As of the 2010 United States Census, there were 21 people, 12 households, and 5 families in the city. The population density was 20.8 inhabitants per square mile (8.0/km2). There were 25 housing units at an average density of 24.8 per square mile (9.6/km2). The racial makeup of the city was 100.0% White.
There were 12 households of which 8.3% had children under the age of 18 living with them, 33.3% were married couples living together, 8.3% had a female householder with no husband present, and 58.3% were non-families. 50.0% of all households were made up of individuals and 50% had someone living alone who was 65 years of age or older. The average household size was 1.75 and the average family size was 2.40.
The median age in the city was 54.5 years. 4.8% of residents were under the age of 18; 0% were between the ages of 18 and 24; 19.1% were from 25 to 44; 28.5% were from 45 to 64; and 47.6% were 65 years of age or older. The gender makeup of the city was 42.9% male and 57.1% female.
As of the 2000 United States Census, there were 24 people, 15 households, and 7 families in the city. The population density was 24.1 people per square mile (9.3/km²). There were 27 housing units at an average density of 27.1 per square mile (10.4/km²). The racial makeup of the city was 100.00% White.
There were 15 households out of which 13.3% had children under the age of 18 living with them, 33.3% were married couples living together, 13.3% had a female householder with no husband present, and 53.3% were non-families. 53.3% of all households were made up of individuals and 33.3% had someone living alone who was 65 years of age or older. The average household size was 1.60 and the average family size was 2.29.
The town's population contained 16.7% under the age of 18, 16.7% from 25 to 44, 33.3% from 45 to 64, and 33.3% who were 65 years of age or older. The median age was 60 years. For every 100 females, there were 71.4 males. For every 100 females age 18 and over, there were 66.7 males.
The median income for a household in the city was $12,500, and the median income for a family was $20,938. Males had a median income of $0 versus $13,750 for females. The per capita income for the city was $8,857. There are 33.3% of families living below the poverty line and 17.9% of the population, including no under eighteens and none of those over 64.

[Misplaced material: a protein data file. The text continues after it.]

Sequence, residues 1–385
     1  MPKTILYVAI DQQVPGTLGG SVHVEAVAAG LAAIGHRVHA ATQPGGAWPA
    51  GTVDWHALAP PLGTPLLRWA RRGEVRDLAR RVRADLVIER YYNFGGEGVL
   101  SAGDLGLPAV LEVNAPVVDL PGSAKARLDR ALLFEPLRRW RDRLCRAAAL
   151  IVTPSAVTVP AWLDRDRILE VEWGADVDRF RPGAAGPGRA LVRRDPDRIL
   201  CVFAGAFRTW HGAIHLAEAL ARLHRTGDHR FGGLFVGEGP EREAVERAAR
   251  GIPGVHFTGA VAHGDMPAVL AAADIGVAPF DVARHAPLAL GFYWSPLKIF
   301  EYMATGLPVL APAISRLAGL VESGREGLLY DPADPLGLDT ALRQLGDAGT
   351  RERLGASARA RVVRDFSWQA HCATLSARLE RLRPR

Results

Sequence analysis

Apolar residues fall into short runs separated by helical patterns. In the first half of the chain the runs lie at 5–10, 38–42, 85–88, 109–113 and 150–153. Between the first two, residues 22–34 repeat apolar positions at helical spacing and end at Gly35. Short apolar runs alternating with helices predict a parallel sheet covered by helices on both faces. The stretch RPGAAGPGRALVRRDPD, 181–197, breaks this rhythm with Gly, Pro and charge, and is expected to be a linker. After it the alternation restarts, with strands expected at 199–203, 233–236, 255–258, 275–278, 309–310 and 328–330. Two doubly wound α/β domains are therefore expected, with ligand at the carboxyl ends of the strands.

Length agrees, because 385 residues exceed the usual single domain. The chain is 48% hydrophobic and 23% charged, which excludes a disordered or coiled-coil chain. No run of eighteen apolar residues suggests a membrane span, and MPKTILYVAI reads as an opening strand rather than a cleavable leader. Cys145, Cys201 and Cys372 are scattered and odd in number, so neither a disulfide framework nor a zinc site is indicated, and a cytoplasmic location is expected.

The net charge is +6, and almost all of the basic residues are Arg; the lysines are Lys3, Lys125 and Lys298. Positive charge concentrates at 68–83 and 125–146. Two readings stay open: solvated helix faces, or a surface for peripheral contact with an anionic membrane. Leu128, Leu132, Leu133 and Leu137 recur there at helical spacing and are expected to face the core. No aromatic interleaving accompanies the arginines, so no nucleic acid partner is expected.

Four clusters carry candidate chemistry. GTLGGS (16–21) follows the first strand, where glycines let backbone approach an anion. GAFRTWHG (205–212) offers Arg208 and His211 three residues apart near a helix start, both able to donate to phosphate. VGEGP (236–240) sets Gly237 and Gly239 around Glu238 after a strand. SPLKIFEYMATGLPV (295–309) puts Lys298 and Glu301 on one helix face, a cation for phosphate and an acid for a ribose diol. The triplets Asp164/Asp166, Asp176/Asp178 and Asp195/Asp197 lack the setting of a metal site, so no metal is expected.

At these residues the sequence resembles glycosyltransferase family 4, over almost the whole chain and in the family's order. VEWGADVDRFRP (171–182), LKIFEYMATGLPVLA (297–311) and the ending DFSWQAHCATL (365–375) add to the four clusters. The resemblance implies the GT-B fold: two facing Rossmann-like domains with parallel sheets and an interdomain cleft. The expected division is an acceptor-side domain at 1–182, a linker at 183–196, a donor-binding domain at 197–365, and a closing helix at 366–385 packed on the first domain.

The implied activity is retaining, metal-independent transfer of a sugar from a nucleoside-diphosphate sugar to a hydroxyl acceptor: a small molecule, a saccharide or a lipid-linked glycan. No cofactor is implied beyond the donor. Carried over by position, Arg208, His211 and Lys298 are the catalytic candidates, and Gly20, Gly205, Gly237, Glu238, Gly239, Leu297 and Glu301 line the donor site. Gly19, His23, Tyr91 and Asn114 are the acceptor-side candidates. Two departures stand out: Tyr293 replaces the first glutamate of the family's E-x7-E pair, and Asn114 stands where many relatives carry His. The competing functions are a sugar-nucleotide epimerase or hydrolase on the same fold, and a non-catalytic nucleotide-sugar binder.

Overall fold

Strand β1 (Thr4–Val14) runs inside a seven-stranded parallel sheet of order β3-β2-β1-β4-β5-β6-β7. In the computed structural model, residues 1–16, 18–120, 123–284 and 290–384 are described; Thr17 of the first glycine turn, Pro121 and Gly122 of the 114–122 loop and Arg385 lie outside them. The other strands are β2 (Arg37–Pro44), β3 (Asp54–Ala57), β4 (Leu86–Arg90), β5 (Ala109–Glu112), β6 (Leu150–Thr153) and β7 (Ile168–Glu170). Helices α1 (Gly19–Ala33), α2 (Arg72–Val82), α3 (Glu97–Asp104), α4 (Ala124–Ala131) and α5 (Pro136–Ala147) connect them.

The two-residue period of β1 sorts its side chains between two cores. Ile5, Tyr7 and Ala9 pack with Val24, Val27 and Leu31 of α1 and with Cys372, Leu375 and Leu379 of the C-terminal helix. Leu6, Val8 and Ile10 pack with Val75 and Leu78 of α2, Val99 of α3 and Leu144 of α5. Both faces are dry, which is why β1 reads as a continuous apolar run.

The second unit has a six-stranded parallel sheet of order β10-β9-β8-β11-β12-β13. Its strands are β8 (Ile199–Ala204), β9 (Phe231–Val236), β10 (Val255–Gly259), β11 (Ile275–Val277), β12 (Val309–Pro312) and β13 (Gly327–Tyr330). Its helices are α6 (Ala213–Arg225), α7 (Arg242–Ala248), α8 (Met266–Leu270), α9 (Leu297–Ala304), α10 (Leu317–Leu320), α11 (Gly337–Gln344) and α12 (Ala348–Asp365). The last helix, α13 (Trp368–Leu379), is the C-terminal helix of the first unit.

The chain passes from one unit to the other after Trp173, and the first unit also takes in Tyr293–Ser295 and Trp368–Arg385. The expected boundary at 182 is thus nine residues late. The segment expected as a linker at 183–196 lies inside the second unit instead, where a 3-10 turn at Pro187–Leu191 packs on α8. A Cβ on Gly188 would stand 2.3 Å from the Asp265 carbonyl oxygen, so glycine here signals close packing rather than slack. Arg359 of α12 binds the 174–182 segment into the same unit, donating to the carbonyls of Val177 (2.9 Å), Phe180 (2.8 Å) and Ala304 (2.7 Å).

- The original plat for the town was titled Lone Rock, but this was changed by the US Postal Service.
- "2018 US Gazetteer Files". US Census Bureau. Retrieved 12 February 2020.
- "U.S. Census website". United States Census Bureau. Retrieved 2008-01-31.
- "US Board on Geographic Names". United States Geological Survey. 25 October 2007. Retrieved 31 January 2008.
- Ghost Towns of Oregon/Lonerock OR (accessed 31 May 2020)
- Palmer, Thouvenel, 2:10
- Moffat, Riley Moore (1996). Population History of Western U.S. Cities and Towns, 1850-1990. Scarecrow Press. p. 212.
- Palmer, Thouvenel, 2:13
- Palmer, Thouvenel, 1:6
- Palmer, Thouvenel, 1:6
- "Lonerock", Gilliam County website (accessed 31 May 2020)
- Oregon News (23 July 1896)
- Palmer, Thouvenel, 1:6
- Palmer, Thouvenel, 1:6
- "US Gazetteer files 2010". US Census Bureau. Archived from the original on 2 July 2012. Retrieved 21 December 2012.
- "Population and Housing Unit Estimates". Retrieved 4 June 2019.
- "Census of Population and Housing". Census.gov. Retrieved 4 June 2015.
- "US Census website". US Census Bureau. Retrieved 21 December 2012.
- The History of Gillian County, Oregon. Lovena S. Palmer, Miriam C. Thouvenel. Gilliam County Historical Society (c. 1981) - in Condon Branch of Gilliam County Library World Catalog, accessed 31 May 2020)